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Observed
Palm Coast Thursday, Feb. 17, 2011 7 years ago

Cleaning Palm Coast, Egypt

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by: Brian McMillan Executive Editor

The worst part about going for a walk is the guilt.

For the most part, I look at the trees and the birds, and I enjoy it. But if I see a piece of trash out of the corner of my eye as I walk by, I can’t stop thinking about it.

Rather than fight the guilt, I’ve learned it’s much simpler to just pick up the scrap of paper. So I do. But of course, that’s not the only scrap. There’s a water bottle. There’s a McDonald’s cup lid. After a while, I remind myself that I need to bring a garbage bag with me when I go for a walk so I’m not hauling this stuff around.

One time I brought home a Pepsi bottle that I hadn’t examined carefully enough. It was half-full of dark liquid, and I brought it into the kitchen to empty it before tossing it in the recycling bin. Turns out the liquid wasn’t cola but chunky tobacco juice.

That one didn’t make me very popular around the house.

My sons have picked up on the habit, too. They’ll take the plastic lids off their drinks at McDonald’s before throwing the cups away. Then, we’ll all throw them in the recycling bin on the way into the house. I’ve even brought home plastic ketchup cups and washed them.

My wife rolls her eyes every time, and maybe that’s part of the fun of it. I guess I still haven’t grown up enough to move beyond that little pleasure of tormenting loved ones.

The question that always surfaces when I find a bottle full of tobacco juice is What was going through this litterer’s head? Maybe he squirted out that last bit at a particularly stressful time. Maybe he was taking his wife to the hospital, for example.

We have to stop so I can recycle my ’baccy bottle, he might have said.

No! the wife would yell, feeling another intense contraction. Just throw it in the bushes! Someone else will find it and recycle it for you!

I guess that somebody was me.

Of course, this provides a nice, tidy transition to the revolution in Egypt.

Yes, I was shocked and frightened and inspired by the victory of the protesters who forced Hosni Mubarak to step down. But I was also interested in the emphasis on trash in the streets. Here’s how Hadeel Al-shalchi and Lee Keath, of The Associated Press, described it:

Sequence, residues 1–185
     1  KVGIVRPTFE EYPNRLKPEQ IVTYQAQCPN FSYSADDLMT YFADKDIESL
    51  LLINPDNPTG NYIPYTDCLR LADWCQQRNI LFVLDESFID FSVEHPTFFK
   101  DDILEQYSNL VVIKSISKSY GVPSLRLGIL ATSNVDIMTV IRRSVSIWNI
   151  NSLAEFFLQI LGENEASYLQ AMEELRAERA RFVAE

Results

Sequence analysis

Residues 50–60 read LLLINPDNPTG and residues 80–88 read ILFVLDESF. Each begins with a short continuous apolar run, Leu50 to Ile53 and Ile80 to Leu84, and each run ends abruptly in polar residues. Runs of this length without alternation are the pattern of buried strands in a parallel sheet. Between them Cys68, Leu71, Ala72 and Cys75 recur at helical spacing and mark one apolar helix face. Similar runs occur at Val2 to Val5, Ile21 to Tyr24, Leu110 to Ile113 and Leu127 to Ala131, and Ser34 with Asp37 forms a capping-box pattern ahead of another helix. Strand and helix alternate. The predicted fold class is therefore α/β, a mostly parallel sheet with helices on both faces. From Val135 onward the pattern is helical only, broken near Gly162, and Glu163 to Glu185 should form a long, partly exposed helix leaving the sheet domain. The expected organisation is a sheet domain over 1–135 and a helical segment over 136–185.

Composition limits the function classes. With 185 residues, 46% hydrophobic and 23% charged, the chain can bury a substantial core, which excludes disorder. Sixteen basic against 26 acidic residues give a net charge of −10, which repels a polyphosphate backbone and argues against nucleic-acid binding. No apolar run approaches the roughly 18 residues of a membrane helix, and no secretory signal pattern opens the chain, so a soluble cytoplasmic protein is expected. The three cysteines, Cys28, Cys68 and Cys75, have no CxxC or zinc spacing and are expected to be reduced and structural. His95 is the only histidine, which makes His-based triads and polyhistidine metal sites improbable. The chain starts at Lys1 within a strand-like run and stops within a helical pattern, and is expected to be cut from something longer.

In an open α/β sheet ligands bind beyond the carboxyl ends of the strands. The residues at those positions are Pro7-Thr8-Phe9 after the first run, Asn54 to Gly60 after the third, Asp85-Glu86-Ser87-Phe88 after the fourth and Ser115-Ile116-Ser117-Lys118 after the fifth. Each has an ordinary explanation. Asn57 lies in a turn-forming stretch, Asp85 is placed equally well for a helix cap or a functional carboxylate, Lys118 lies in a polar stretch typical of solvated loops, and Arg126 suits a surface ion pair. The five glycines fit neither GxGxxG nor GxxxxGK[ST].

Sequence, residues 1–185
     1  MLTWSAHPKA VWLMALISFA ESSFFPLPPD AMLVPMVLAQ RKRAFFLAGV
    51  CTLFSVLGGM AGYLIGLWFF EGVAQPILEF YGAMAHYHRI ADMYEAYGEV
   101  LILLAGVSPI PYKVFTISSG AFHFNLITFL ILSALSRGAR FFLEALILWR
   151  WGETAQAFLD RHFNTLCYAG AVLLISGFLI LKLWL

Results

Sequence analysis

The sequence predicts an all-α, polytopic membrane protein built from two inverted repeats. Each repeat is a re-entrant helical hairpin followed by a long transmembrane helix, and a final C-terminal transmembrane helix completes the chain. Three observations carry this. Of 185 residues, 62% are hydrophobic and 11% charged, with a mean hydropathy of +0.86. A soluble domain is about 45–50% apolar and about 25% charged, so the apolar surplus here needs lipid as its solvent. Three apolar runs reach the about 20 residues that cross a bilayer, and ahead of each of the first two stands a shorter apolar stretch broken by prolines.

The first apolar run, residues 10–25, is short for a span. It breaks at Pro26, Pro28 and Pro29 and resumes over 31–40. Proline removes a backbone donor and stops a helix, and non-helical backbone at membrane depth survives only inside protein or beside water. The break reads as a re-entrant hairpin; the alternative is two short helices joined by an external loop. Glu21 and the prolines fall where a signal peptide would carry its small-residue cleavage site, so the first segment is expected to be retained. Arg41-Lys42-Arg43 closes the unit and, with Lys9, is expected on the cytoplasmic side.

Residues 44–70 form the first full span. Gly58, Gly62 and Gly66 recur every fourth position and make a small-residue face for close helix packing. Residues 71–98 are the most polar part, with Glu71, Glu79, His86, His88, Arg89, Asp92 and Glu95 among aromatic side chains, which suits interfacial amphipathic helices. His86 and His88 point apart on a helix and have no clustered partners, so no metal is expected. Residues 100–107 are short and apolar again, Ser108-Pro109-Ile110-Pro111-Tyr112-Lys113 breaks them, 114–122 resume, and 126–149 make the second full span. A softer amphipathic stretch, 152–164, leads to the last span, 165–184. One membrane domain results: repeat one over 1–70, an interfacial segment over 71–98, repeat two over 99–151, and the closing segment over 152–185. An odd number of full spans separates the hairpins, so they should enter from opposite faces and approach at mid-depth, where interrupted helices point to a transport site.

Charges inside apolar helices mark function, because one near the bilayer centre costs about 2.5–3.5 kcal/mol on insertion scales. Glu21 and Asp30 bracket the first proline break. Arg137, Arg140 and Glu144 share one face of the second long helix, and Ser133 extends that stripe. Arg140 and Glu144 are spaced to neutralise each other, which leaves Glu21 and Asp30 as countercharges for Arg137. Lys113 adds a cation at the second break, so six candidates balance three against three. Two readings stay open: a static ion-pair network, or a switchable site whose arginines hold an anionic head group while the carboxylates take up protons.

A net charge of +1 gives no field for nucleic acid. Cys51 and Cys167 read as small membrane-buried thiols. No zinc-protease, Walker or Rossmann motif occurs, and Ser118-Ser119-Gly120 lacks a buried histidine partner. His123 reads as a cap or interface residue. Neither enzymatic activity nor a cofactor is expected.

“The protesters’ first act was deeply symbolic of their ambition to build a new Egypt and their determination to do it themselves: Thousands began cleaning up Cairo’s central Tahrir Square, the epicenter of their movement. The sprawling plaza was battered and trashed by 18 days of street battles and rallies by hundreds of thousands.

“Even as thousands flowed in to celebrate, broom brigades fanned out, with smiling young men and women — some in stylish clothes and earrings — sweeping up rubble and garbage. Others repaired sidewalks torn apart for concrete chunks to use as ammunition in fighting with pro-regime gangs. Young veiled girls painted the metal railings of fences along the sidewalk. ‘Sorry for the inconvenience, but we’re building Egypt,’ read placards many wore.

“‘We are cleaning the square now because it is ours,’ said Omar Mohammed, a 20-year-old student. ‘After living here for three weeks, it has become our home … We’re going to leave it better than before.’”

Mohammed’s words still resonate with me. Trash in the streets may be the least of the problems in the Middle East, but I can’t help but make the comparison. We, in the United States, have enjoyed a relatively stable, democratic republic for two centuries. Do we feel like the “square is ours”?

Do we feel like Belle Terre Boulevard is ours? Or Palm Coast Parkway? Do we feel a responsibility to clean it up, to care for our city, even though it might not be our own property, exactly?

Maybe if there is a vacant lot next door, we can keep it free of litter, just because this is our street, our neighborhood, our city, our country, and we want it to look good — just because we’re proud of it, and by extension, we’re proud of our country.

And besides, we want to live in a place with fewer recyclable ketchup cups in the trash and fewer bottles with mysterious brown liquid sloshing around in them, causing all kinds of problems for people prone to a guilty conscience.
 

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